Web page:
Soon, he was serving as an interim associate pastor.

        The differences between the two denominations were astonishing, he says. The United Church of Christ believes it's more important for individuals to be in right relationship with themselves, others and God.

        It “was a safe place to search. All questions are honored,” he says. He left the Church of God.

        After graduation, the Rev. Haithcock accepted a call at a start-up United Church of Christ congregation in Dayton, Ohio. The congregation was 60 percent gay and lesbian, 40 percent straight. After 10 months, the church couldn't make ends meet, and the Rev. Haithcock was out of job.

        In February, 1999, he got a call asking if he would be interested in serving as a designated pastor at St. John.

Hard work more important

        Mrs. Stitt knew the new pastor was gay.

        “I thought, "Let's hear him. Let's see what he's like,' ” she says. “When I heard his sermons, I liked him. And when I met him, it was all over after that. I had no doubts.”

        Mrs. Stitt can remember when the church had to put extra chairs in the aisles for Easter and Christmas services. No more. In pews that could seat 210, average attendance is 63.

        Although there are a few young families, most of the members are older.

        The Rev. Haithcock set to work immediately to attract new members. He started concert series and Bible study groups and incorporated more music into the worship services. Mrs. Stitt suspects he's a better pastor because of his struggles with homosexuality. He can relate to people who are having their own problems, she says.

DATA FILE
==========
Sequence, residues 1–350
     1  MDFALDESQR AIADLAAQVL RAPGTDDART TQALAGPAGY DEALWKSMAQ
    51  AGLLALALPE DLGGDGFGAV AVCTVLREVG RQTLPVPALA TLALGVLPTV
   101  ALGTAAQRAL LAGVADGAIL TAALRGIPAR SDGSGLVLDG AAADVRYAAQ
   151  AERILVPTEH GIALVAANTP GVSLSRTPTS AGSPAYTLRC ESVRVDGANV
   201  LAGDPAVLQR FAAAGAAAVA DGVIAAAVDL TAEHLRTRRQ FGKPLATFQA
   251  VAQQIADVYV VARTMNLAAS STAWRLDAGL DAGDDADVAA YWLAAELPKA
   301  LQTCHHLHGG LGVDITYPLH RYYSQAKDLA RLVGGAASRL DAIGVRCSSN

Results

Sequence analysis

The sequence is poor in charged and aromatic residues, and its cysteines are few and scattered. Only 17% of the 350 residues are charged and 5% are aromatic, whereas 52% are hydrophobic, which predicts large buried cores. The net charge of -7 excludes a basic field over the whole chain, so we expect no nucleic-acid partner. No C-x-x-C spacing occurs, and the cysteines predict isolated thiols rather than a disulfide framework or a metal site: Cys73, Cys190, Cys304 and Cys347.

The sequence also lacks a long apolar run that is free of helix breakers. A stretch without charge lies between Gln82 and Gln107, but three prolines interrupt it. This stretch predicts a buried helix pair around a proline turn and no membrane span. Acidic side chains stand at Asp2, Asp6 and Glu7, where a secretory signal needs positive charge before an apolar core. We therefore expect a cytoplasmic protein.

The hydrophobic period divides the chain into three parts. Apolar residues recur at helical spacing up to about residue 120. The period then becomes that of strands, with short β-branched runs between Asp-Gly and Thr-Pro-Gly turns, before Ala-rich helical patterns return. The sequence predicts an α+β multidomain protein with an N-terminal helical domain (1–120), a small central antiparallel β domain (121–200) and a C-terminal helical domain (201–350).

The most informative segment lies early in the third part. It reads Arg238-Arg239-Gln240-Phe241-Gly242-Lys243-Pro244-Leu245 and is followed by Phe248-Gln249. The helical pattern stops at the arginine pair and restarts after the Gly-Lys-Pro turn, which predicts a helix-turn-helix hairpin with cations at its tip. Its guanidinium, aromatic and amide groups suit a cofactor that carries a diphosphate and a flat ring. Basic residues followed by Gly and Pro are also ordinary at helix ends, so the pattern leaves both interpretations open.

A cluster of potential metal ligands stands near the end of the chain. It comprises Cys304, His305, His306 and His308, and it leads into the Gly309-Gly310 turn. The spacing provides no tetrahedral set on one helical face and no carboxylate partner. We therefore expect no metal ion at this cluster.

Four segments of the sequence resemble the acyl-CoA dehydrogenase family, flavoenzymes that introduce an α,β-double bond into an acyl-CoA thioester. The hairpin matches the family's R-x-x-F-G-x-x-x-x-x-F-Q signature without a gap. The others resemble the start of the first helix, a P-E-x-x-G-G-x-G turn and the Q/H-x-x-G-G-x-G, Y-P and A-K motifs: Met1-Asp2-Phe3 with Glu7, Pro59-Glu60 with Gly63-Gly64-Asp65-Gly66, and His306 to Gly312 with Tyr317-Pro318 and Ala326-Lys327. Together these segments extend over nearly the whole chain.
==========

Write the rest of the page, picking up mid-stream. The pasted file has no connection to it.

And his sermons are great, says Mrs. Stitt. They're interesting and down-to-earth.

        “Sometimes they're funny, sometimes they're sad,” she says. “There's something for everybody. Young and old, man or woman, gay or whatever.”

        Ed Ulsas hasn't decided what he thinks about the Bible and homosexuality. The Bellevue man just knows the Rev. Haithcock is bringing life back into the church.

        “I thought he was a good minister,” says Mr. Ulsas, who is 56 and a lifelong member of St. John. “And that was more important.”

        The Rev. Haithcock was a designated pastor, which meant he would serve for two years while the church searched for a minister. They could select him — or offer the position to another pastor. The search committee looked at other candidates but recommended the Rev. Haithcock.

        “You would not have known he was an interim pastor,” says Greg Mathein, 52 of Dayton, Ky. “He worked with such zeal and dedication.”

        It was a risk to recommend a gay pastor, Mr. Mathein acknowledges. Nobody knew if it would cause deep divisions in the church or if the aging congregation would ever accept a gay minister. But the committee decided to base its recommendation on the individual — and the Rev. Haithcock's compassion and hard work — rather than make a judgment on homosexuality.

        A handful of people left, including the Eaglins, but new members have joined and attendance is increasing. In February, the pews were packed as the church celebrated an installation service, and the Rev. Haithcock officially became St. John's new minister.

        “I think some denominations probably are missing out on good pastors by not being open,” says Mr. Mathein, church council president.

        Denominations still struggling with whether to accept gay or lesbian ministers “have a lot to learn,” Mrs. Stitt says. “Just like we did. I think sooner or later, they're all going to come around. . . . I think maybe we've opened a door for others. It's scary, but it's worked out great for us.”